The gruesome murder of journalist Jamal Khashoggi, details of which yet to be told in full, attempted cover-ups with shocking incompetence by the Saudi regime, and a belated decision to investigate the ‘heinous crime’ internally and that too after several weeks of international pressure, has removed even the little respect that the kingdom had within the civilized world.
Being the world’s largest oil producer, a resource still vital to the survival of our industrial civilization, as an unchallenged Islamic religious leader with petrodollar largesse and as a voracious market for US and Western-made weapons and luxuries, the desert kingdom is strategically placed within the UN family of nations.
While Saudi Arabia is an ‘eternal friend’ of the US and a long-term ally of the West, it is also, by holding control over the two holiest mosques in Islam, the centres of Muslim annual pilgrimage, is a country that cannot be openly antagonised by any Muslim nation.
Yet, the Saudi political structure, its tribal governance, legal system and religious ideology have become a source of embarrassment to its friends, and criticism and condemnation to enemies. In the current World Order, that country is an enigma.
From the point of view of Muslims living outside Saudi Arabia, there are at least three issues that cause great discomfort, embarrassment and at times, even anger.
Firstly, a country that arrests, incarcerates and beheads dissenters declares the Holy Quran as its constitution. Everywhere and at all times constitutions are human creations and are subject to amendments, abrogation and arbitration. Can the Quran be subjected to any of these? Why then this country puts Allah on the dock? How can Muslims tolerate this absurdity?
Secondly, the Saudi national flag carries in print Islam’s creedal essence, kalima shahada (la ilaha illallah Muhammad al-rasulullah).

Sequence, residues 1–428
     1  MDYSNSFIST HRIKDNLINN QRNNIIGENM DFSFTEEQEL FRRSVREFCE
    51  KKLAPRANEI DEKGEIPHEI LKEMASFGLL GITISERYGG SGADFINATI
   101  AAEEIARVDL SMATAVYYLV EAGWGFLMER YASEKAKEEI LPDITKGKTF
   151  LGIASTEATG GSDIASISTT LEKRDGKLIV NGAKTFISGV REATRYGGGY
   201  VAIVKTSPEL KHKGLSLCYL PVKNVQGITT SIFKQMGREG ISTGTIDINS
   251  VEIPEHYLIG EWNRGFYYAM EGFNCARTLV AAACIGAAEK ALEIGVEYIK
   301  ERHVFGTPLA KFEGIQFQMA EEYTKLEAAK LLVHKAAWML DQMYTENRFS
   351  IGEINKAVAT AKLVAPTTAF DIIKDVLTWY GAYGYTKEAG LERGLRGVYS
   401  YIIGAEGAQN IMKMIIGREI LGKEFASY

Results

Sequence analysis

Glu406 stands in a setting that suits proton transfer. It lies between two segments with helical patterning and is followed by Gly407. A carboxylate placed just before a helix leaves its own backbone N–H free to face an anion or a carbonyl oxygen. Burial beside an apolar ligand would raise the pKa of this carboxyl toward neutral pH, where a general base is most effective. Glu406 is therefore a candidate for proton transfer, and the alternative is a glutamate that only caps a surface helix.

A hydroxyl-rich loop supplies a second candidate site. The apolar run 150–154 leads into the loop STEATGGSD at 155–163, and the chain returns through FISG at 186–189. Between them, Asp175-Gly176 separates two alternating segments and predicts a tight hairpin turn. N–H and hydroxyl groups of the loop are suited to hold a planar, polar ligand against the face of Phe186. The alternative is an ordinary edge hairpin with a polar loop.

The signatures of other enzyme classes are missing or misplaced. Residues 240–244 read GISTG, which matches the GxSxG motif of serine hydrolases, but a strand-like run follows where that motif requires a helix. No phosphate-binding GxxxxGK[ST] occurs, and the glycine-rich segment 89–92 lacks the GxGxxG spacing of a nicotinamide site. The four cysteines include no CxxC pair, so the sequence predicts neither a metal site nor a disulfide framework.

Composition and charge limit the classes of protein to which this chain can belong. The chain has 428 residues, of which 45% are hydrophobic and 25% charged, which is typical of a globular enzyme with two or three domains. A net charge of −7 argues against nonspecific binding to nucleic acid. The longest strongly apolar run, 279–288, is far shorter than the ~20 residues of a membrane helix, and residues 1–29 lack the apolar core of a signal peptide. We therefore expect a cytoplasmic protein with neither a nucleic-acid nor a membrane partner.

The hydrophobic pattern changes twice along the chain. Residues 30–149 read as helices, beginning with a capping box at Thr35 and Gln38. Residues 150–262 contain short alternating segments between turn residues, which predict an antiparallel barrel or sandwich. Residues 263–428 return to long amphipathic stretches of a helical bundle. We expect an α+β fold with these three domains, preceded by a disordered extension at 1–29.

Late in the 1990s, the organizers of the world soccer cup quite innocently decided to print the flags of all participating countries on the leather of the ball. Obviously, a soccer ball is meant to be kicked. What a shock it was when Muslims saw the kalima being kicked around physically.
It was the organised protest from Muslim quarters that made the organizers withdraw the ball. This can happen again during anti-Saudi protests outside the country when protesters burn and vandalise the Saudi flag. Does the ummah of the Prophet (s) deserve this?
Thirdly, by holding sovereignty over Mecca and Medina the Saudi regime is able to politically determine who can and cannot perform the Hajj. This is arrogant interference in Allah’s command.
It is appropriate to make the precincts of hajj independent of Saudi sovereignty and transfer the responsibility of managing the hajj to a consortium of Muslim countries. If the OIC can act on this it would be a great service to Islam and Muslims.
There are several other issues regarding the internal politics and governance of Saudi, which are matters entirely for Saudi citizens to settle.